In a recent discussion with Objectivists, I asked about their reasoning on core essentials such as why they bothered to wake up in the morning and why they cared about the well-being of their children. After repeated questioning in a fashion after the Socratic Method, I began to suspect I was dealing with an "is-ought" issue and I stated so.
In this discussion, I had asserted that my religion is faith-based in that I had "faith in Humanity". I held this position as I concluded that our love of life, i.e., survival of Man qua Man, was a core value that was not derived through a rational thought process. It was something we simply accepted and was therefore a matter a faith.
My reasoning was that this love of life was a genetic predisposition shaped into us by evolution through the forces of natural selection. One of the Objectivists pointed out to me that this was not faith. I immediately realized that I had erred in assuming that this value must be faith because it was not derived rationally. I had been overlooking a third source: instinctual knowledge. I then conceded on this basis.
Later than night I read in Wikipedia that "Some Neo-Objectivists stick relatively close to Objectivism, merely rejecting (for example) Rand's 'life-to-value' argument in ethics". By typing in "life-to-value Rand" into a search engine, I came across an essay by William H. Stoddard, "Life and Value in Ayn Rand's Ethics", Section 4 "What is Life?" in which he concludes:
Rand's statements about the nature of living organisms may well reflect her training in Aristotelian philosophy and Aristotelian metabiology. For Aristotle, the telos of an oak tree, the that-for-the-sake-of-which the oak tree exists, is the full grown tree. But Aristotle's biology has been replaced by Darwin's, in which an oak tree is an acorn's way of making more acorns. And Darwin's theory has more explanatory power than Aristotle's. If Rand is claiming to base her ethics on the actual facts of biology, she's picked the wrong statement of those facts.
At about the same time, I also read an article by Nathaniel Branden, perhaps the first Neo-Objectivist, that stated that Ayn Rand never accepted the Theory of Evolution. I made a connection and a number of puzzle pieces suddenly fell into place. This explained why Rand and many of her students reject animal intelligence and human instincts, assert that homosexuality is a choice, minimize parenting as self-actualizing, and are oblivious to the selfish gene hypothesis. Ayn Rand never accepted the Theory of Evolution and therefore never factored in the consequences of such a theory into her philosophy.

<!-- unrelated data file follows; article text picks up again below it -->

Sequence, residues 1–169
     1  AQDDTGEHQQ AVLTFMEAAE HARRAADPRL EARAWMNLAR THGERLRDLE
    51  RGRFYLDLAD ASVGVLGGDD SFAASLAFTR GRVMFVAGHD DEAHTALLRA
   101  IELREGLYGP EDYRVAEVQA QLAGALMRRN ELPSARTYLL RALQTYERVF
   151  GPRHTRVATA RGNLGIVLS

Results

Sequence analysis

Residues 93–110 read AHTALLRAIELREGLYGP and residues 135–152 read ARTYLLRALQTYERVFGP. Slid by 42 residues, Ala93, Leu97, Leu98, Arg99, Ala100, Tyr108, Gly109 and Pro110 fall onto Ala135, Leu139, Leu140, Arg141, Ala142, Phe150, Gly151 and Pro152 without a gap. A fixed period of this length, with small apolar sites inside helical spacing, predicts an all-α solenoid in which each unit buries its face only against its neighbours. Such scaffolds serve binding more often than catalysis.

The purpose of the acorn is to make more acorns. I asked myself retrospectively, had I not just said the same thing recently when I wrote that "Persistence persists", "Children give life meaning", and, in my sermon entitled "The Virtue of Selfish Genes" in which I paraphrase Dawkins, that "the individual unit of survival is not an individual human being, but rather the individual genes that comprise a human being"?
Some of my fellow Objectivists have suggested to me recently that my disagreements with Objectivism are due to a lack of complete knowledge of Objectivism and that, with further study and time, I will eventually come to realize that the philosophy of Objectivism is correct in all aspects. I reply that in just a year of study I have come to understand Objectivism sufficiently to identify the flaw at its root. While I am proud to state that I discovered this independently through my own reading of orthodox Objectivist philosophy as written by its leading proponents, Rand and Peikoff, I am also happy to accept validation by discovering that others besides myself have analyzed, identified, and published this misstep long before me.
Ayn Rand never integrated the Theory of Evolution into her context. Until that day when the human animal no longer is forced to exist within a body and mind shaped by evolution, I will never accept orthodox Objectivism. This is why I am a Neo-Objectivist.
I conclude with this quote from the article "The Benefits and Hazards of the Philosophy of Ayn Rand: A Personal Statement" by Nathaniel Branden:
Ayn Rand has an incredible vision to offer -- in many respects a radiantly rational one. I am convinced that there are errors in that vision and elements that need to be changed, eliminated, modified, or added and amplified, but I am also convinced that there is a great deal in her vision that will stand the test of time.